Story at a glance
- In April, the head of the WFP warned of devastating famines in dozens of countries due to the ramifications of COVID-19.
- World leaders responded with funds and stimulus packages and managed to avoid the worst-case scenario.
- Now as the coronavirus continues to surge, prompting another wave of shutdowns, David Beasley says funding that was available this year will not be available in 2021.
The head of the United Nations World Food Program (WFP) is once again warning that the world is at risk of widespread famine as a consequence of the coronavirus pandemic, The Associated Press reports.
In April, WFP Executive Director David Beasley told the UN Security Council devastating famines could break out in dozens of countries in the developing world due to the effects of COVID-19 restrictions if action wasn’t taken.
World leaders responded with funds and stimulus packages and managed to avoid the worst-case scenario. But now as the coronavirus continues to surge, prompting another wave of shutdowns, Beasley says funding that was available this year will not be available in 2021.
“We were able to avert it in 2020,” Beasley told The Associated Press in an interview, but said without billions of dollars “we are going to have famines of biblical proportions in 2021.”
WFP needs $15 billion next year to avoid famine and to carry out the agency’s programs around the globe.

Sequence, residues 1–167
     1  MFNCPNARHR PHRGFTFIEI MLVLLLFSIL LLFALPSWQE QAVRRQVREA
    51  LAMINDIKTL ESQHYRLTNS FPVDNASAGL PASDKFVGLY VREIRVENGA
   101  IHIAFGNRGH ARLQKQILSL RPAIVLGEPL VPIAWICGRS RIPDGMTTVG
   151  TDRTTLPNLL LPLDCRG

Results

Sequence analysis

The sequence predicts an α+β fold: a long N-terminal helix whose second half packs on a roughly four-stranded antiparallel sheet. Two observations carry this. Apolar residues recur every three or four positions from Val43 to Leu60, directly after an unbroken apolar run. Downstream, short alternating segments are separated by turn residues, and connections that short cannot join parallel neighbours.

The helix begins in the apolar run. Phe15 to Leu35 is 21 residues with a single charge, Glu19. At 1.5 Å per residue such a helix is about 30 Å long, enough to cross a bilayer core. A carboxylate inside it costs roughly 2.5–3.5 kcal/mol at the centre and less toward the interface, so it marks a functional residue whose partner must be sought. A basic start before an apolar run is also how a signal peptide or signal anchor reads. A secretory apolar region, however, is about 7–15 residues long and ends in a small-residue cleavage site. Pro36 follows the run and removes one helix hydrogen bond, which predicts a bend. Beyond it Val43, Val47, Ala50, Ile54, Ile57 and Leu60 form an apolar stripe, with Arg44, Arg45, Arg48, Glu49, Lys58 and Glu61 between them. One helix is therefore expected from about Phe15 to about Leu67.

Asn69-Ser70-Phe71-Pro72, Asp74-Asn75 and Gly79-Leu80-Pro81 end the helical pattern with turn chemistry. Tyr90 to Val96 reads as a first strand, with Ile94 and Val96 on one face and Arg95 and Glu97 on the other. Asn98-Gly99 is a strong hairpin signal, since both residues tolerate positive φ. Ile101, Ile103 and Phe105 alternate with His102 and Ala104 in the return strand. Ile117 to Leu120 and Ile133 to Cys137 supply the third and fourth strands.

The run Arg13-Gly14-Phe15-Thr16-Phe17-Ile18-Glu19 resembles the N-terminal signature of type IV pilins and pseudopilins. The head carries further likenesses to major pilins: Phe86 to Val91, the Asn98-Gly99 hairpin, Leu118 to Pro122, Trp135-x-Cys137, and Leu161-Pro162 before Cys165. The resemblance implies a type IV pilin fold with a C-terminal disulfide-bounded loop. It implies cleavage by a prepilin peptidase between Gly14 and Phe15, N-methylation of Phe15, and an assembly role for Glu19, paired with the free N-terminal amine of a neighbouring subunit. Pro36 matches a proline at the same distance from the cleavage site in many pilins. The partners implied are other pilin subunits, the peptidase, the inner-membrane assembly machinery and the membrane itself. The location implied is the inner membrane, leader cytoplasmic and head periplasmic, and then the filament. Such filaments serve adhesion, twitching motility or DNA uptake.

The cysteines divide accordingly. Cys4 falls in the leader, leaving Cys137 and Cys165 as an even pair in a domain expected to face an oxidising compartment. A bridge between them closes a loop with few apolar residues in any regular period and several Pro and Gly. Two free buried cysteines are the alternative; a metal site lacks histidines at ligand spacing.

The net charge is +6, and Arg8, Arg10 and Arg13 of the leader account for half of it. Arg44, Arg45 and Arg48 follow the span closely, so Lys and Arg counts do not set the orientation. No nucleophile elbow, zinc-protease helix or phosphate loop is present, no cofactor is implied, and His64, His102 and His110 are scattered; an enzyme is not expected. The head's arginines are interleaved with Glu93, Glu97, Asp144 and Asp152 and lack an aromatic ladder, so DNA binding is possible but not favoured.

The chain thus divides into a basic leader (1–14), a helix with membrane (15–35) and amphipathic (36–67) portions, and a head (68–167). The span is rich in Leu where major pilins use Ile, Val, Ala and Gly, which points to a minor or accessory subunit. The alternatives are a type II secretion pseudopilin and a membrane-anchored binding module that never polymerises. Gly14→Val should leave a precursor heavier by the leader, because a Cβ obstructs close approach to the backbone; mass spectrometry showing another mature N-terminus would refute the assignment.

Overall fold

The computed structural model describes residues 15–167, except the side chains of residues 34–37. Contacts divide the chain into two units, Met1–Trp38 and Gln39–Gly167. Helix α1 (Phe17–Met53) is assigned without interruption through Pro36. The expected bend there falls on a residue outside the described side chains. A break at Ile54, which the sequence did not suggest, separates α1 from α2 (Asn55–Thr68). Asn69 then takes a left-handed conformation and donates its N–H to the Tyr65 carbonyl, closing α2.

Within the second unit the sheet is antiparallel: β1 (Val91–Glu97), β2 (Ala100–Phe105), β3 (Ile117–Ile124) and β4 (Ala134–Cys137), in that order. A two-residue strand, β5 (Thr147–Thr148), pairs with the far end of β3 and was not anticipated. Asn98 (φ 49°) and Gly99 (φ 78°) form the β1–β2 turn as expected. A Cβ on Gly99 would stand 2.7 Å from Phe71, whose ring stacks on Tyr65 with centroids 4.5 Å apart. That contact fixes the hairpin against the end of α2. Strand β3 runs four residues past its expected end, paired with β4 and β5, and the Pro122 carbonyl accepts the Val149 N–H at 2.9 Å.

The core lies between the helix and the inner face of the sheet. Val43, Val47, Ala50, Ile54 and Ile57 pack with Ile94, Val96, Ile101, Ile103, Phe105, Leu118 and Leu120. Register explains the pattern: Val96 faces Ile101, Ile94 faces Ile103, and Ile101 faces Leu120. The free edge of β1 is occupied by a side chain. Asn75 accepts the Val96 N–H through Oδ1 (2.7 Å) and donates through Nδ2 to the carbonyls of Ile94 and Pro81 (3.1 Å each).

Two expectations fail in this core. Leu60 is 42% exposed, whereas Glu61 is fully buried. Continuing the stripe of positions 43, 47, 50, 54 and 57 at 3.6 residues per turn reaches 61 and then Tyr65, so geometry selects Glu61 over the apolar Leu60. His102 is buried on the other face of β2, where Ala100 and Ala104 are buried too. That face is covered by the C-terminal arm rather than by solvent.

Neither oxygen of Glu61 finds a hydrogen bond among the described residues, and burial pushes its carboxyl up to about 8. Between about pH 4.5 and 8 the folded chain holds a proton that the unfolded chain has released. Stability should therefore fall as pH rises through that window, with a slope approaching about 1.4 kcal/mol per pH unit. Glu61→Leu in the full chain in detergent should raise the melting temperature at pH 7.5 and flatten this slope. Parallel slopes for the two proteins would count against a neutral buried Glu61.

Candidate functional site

“If I could get that coupled with our normal money, then we avert famine around the world,” he told the news outlet.
In October, the WFP was awarded the 2020 Nobel Peace Prize for its efforts to fight hunger and food insecurity in conflict-affected areas around the globe amid the coronavirus pandemic.
Beasley said he’s been using the spotlight to warn world leaders that 2021 will be a more challenging year and to raise extra money from governments.
Beasley said in April 135 million people faced “crisis levels of hunger or worse” in 2020 and an additional 130 million could be pushed to the brink of starvation by 2021. But during a virtual interview Wednesday, he said the number of people facing crisis levels of hunger has risen to 270 million.
He said three dozen countries could experience famine if WFP doesn’t receive the necessary funding.
Countries such as Yemen, Afghanistan, the Democratic Republic of Congo, Syria and Nigeria were particularly at risk.
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